Grace Beahm/Post and Courier
Rigel Jessen, left, and Cherish Conyers plant cabbage collards in the school garden at Cape Romain Environmental Educational Charter School in McClellanville.
For students at the new Cape Romain Environmental Education Charter School, the Lowcountry’s newest charter school, the earth is the biggest classroom.
The school, which opened in August with 58 students, now serves kindergarten through fifth grade. It hopes to add middle school in upcoming years, said Sally I’Anson, the school’s principal. It plans to grow by one grade each year until it has an eighth grade.
The school is part of the North American Association for Environmental Education, I’Anson said.
“We use their standards to drive our curriculum,” I’Anson said, adding the goal of the school is to help students “develop a love of place.”
The school has its charter through the state Public Charter School District, which means it doesn’t receive any local funding and it can accept students who live outside of Charleston County’s boundaries.
Charter schools are public schools. They are accountable to the same state and federal laws as traditional public schools, but they’re run by small boards of parents, educators and community leaders, rather than a county school board.
Part of the school’s mission is to develop students who have an intimate knowledge of the community surrounding them, and that’s why they say it’s critical to take students outside of their classrooms.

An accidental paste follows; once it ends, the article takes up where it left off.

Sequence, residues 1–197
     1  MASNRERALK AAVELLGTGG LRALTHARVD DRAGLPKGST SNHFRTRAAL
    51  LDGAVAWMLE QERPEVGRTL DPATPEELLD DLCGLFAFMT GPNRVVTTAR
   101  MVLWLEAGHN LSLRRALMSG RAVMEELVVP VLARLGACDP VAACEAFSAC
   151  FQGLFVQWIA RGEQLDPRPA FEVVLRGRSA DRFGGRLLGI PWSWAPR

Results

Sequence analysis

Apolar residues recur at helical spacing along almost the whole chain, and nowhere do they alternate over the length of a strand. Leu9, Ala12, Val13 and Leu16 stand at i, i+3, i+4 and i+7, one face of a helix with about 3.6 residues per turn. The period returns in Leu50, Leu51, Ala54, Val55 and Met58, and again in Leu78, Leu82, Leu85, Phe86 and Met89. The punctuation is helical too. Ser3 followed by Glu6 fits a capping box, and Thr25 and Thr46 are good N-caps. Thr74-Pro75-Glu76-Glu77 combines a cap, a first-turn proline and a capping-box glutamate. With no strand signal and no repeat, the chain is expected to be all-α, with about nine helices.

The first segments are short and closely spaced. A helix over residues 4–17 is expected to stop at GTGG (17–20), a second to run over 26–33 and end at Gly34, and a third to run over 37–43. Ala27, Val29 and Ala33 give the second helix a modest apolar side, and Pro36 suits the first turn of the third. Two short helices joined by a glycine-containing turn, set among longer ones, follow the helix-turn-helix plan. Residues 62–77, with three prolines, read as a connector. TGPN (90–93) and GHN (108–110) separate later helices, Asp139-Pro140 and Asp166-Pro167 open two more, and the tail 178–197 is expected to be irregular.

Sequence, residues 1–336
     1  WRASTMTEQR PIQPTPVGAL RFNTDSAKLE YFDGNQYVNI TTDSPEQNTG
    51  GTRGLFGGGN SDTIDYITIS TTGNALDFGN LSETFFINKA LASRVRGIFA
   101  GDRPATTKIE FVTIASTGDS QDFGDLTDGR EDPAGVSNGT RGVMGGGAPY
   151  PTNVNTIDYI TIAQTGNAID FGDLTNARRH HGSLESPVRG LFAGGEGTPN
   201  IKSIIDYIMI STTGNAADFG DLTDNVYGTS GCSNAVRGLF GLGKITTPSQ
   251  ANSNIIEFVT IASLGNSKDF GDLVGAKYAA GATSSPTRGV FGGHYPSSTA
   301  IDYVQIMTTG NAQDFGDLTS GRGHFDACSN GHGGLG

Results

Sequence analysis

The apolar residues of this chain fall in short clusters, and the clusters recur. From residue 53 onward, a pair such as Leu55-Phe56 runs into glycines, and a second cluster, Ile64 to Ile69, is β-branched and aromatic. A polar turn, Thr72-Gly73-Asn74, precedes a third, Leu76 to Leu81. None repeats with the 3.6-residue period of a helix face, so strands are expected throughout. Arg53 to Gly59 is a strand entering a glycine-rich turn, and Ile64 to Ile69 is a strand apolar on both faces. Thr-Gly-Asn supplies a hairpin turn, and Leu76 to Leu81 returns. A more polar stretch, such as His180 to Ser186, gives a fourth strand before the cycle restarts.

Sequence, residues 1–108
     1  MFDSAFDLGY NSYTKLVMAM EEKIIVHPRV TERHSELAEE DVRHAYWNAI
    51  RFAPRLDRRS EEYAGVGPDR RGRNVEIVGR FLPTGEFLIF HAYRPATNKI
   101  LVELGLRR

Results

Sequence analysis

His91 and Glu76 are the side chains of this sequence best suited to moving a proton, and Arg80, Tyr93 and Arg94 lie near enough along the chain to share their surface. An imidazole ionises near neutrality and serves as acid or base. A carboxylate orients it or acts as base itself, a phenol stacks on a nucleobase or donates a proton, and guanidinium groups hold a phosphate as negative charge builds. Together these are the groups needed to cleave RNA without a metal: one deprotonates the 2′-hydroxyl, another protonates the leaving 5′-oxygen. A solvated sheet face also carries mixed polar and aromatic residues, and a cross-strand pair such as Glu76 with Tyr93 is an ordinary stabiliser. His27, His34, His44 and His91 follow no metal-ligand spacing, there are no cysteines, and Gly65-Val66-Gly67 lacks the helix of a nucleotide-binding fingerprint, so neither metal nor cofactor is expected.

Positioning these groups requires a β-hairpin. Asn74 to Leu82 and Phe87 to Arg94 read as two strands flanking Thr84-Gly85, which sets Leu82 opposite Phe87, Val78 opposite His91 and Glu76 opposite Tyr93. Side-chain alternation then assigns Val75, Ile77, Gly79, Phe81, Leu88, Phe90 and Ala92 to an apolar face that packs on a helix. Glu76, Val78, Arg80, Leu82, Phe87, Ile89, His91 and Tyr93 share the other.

“It’s not about being in a desk,” I’Anson said. “It’s about learning and getting outside.”
Students already have taken dozens of field excursions, as they’re called. Educators see it as a way to engage students and make lessons more relevant. Students are expected to be in science labs or on field excursions at least three hours a week.
“We’re not giving them worksheets to memorize,” said fourth-grade teacher Hayley Leland. “We’re getting them to think.”
I’Anson helped create the school’s curriculum, and it’s built around environmental standards. The goal is to weave core subjects such as English and math into environmental learning.
The school has a full-time staff member devoted to environmental education, Pam Morrison. She works with teachers on environmental education lessons. That meant some students recently spent time outside planting cabbage collards and digging a pond to create a habitat for wildlife
A poem students wrote for the recent ribbon-cutting ceremony is on a wall of the school.
Part of it reads: “CREECS (Cape Romain Environmental Education Charter School) is never boring/We are never snoring./With nature as our guide/We are never stuck inside.”
I’Anson said the McClellanville area is a perfect place for such a school because of its unique ecosystems.
“It’s critical they get a deep understanding of where they live. To use the environment in a responsible way,” I’Anson said.
She said the area is “steeped in history and tradition and we do not want that to be lost.”
Keeping students engaged in learning is critical because, I’Anson said, students who are not engaged drop out.
To find out more about the school, call (843) 887-3323 or email Info@CapeRomainSchool.com.
By Scott Harper
The Post and Courier contributed to this report.
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